21 JULY - 31 DECEMBER 2020
Photography never seems to merely duplicate the everyday world, but is, rather, prized for its capacity to make traces of persons endure, and to construct the world in a more perfect form than is possible to archive in the hectic flow of the everyday.’
- Christopher Pinney, Camera Indica, 1997.
Bayangnya itu Timbul Tenggelam, that which appears and recedes from view, is a survey of the cultures that developed around photography and its relationship to Malaysia. The exhibition invites us to discover the different values and meanings that people have invested in the photographic image through the years, in an attempt to explore an alternative understanding of the complex modern history of photography.
The exhibition does not aim to offer a ‘history’ of photography in the conventional sense. Instead of tracing the ‘evolution’ of camera technology or presenting a chronology of artistic movements, the exhibition instead highlights how photographs gained new dimensions and meanings through the different ways they were used, collected, and displayed.
Each community and subsequent generation, with their own understanding and ideas regarding photography, would often have to negotiate with the conventions and limitations of the photo studio. This gave rise to interesting pockets of cultural practice. By focusing on the photographic cultures that have emerged in Malaysia, the exhibition also hopes to bring into public conversation the ways in which these local interpretive frames and ways of seeing, contributed to a larger global conversation about the staying power of the photographic image.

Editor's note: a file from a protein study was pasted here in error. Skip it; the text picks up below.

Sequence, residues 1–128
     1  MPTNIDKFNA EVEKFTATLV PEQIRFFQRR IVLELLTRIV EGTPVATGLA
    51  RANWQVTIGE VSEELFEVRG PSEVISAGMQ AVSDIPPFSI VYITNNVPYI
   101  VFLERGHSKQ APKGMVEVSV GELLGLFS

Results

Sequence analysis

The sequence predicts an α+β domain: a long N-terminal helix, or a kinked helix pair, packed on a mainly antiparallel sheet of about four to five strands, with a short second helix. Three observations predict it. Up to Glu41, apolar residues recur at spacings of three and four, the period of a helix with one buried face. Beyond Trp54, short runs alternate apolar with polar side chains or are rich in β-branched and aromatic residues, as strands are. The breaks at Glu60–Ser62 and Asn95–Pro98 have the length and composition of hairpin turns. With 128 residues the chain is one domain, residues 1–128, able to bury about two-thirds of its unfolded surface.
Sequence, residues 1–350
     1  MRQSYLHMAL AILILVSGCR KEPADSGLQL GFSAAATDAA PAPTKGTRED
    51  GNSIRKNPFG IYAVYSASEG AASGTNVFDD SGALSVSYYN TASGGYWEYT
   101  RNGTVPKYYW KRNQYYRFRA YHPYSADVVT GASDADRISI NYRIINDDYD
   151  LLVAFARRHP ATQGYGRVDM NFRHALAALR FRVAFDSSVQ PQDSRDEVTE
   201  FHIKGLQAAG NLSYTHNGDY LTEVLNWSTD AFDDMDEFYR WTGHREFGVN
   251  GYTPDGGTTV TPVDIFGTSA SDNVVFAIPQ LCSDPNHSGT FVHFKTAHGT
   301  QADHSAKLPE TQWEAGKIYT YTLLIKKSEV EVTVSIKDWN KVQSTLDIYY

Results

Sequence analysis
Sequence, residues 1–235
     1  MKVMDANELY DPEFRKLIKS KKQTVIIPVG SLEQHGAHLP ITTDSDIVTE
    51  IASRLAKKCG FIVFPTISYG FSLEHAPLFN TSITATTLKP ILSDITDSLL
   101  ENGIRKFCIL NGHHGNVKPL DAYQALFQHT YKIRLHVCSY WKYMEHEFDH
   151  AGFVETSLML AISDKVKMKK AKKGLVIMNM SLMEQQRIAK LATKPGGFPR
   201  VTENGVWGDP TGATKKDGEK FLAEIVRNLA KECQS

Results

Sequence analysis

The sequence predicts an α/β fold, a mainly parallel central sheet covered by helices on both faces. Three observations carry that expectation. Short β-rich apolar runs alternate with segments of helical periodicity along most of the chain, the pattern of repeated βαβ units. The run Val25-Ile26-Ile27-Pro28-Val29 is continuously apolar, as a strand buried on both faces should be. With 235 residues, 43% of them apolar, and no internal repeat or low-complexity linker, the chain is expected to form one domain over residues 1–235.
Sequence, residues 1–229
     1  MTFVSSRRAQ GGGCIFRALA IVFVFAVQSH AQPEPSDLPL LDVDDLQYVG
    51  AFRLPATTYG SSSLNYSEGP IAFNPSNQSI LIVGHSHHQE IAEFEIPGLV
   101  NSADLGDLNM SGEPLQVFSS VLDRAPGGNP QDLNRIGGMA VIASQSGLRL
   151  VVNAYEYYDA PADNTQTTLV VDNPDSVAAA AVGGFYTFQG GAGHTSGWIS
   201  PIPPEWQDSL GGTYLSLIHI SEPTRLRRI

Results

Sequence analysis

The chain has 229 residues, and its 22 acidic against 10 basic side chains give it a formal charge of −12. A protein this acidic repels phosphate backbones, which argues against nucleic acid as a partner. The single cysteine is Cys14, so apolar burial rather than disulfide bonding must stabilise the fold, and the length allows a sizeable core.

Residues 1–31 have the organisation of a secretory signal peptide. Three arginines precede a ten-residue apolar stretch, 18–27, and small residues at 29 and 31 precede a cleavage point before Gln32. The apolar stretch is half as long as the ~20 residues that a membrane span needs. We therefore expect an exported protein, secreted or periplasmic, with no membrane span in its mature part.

Although photography is a portmanteau made up of two words of Greek origin that translates to ‘drawing with light’, the exhibition Bayangnya itu Timbul Tenggelam draws out a ‘shadow’ history. This version of history is forefronted by local players who have shaped cultures that sequentially contributed to the reframing of photography. In turn, the exhibition also prompts us to think about how these values and meanings have helped shape our sense of place and the idea of the nation.
Curated by K. Azril Ismail, Hoo Fan Chon, and Simon Soon.
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